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Monday, November 17, 2014

The Glen Campbell Movie November 17, 2014

I went to see Glen Campbell's new movie which follows the last two years of touring after his public announcement that he had been diagnosed with Alzheimer's disease.
I had several feelings as I watched this film. First it shows the beginnings of the disease and explains how normal the person can seem, especially to ousiders. Next it shows how talented Glen Campbell was, how he could still play the guitar and read the words on the teleprompter on stage while often forgetting the name of his daughter who played the bango right next to him.
The film shows how much he adores his current wife and the difficulties he has in recognizing other members of his family, including his own children (he has eight) and his former wives (he had three others.)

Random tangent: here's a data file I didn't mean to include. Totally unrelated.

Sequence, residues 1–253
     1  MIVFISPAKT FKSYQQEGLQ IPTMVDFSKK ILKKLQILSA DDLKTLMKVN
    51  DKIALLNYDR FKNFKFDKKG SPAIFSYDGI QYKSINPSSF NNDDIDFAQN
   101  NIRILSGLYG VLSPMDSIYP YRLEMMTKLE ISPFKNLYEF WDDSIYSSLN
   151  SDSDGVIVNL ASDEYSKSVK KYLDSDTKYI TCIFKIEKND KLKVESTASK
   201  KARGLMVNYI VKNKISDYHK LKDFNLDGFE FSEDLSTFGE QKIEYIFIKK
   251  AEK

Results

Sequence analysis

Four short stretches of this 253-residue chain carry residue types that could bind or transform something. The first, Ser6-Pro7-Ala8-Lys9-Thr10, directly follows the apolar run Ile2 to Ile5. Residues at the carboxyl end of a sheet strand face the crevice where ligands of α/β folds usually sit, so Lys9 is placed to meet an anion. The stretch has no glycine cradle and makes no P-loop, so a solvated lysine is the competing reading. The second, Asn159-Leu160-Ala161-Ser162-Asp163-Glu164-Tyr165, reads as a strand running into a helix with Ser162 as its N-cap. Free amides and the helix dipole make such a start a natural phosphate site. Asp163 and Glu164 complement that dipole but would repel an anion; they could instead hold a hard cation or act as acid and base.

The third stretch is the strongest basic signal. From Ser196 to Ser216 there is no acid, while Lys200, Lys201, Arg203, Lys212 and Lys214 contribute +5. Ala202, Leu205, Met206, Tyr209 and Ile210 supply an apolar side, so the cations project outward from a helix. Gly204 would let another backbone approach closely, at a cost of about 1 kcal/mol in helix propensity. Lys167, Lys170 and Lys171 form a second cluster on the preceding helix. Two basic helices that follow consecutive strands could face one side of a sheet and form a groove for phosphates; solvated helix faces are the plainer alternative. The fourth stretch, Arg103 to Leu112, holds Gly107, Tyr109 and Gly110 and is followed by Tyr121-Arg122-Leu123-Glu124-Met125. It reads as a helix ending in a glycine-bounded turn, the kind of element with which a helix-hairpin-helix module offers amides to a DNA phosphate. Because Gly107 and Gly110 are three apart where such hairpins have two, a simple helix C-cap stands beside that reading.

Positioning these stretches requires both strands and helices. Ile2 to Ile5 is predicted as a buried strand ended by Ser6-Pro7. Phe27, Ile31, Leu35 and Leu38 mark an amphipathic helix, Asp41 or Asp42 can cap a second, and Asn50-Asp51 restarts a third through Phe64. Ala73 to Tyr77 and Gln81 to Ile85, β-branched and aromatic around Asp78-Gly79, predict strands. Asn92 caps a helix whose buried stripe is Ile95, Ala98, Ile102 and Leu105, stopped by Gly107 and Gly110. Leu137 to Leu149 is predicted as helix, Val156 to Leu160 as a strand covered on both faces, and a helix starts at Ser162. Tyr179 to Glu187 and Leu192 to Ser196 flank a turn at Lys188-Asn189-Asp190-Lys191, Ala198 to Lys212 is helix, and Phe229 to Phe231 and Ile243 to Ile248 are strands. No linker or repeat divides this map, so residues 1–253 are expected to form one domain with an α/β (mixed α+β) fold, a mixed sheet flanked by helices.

Next the audience becomes aware of how much he loses during these two years, how different he is at the end of the film from who he was at the beginning.

The film shows the progression of this terrible and terrifying disease, how he forgets that he hasn't taken a shower, how he becomes paranoid that someone has stolen his golf clubs, how his facial expressions change, how much older he appears and how his libido increases.

The film shows the dedication of his wife and of some of his children who play music with him and the touring ends when everyone sees he can no longer perform. Yet he has fulfilled his contract completing at the end of 2012 and then putting out another single. It is remarkable to what degree the family, especially his wife extended themselves to keep her husband/father  active and engaged as long as was possible, encouraging, entreating, directing, suggesting, cajoling and privately crying.

After viewing the film, I googled Glen Campbell and discovered that by April, 2014 he had been placed in an Alzheimer's treatment facility, three years after the diagnosis. I also read that several of his family members object to his placement, not the ones who have been so close with him during the progression of the disease, but some of his older children who still don't get it.

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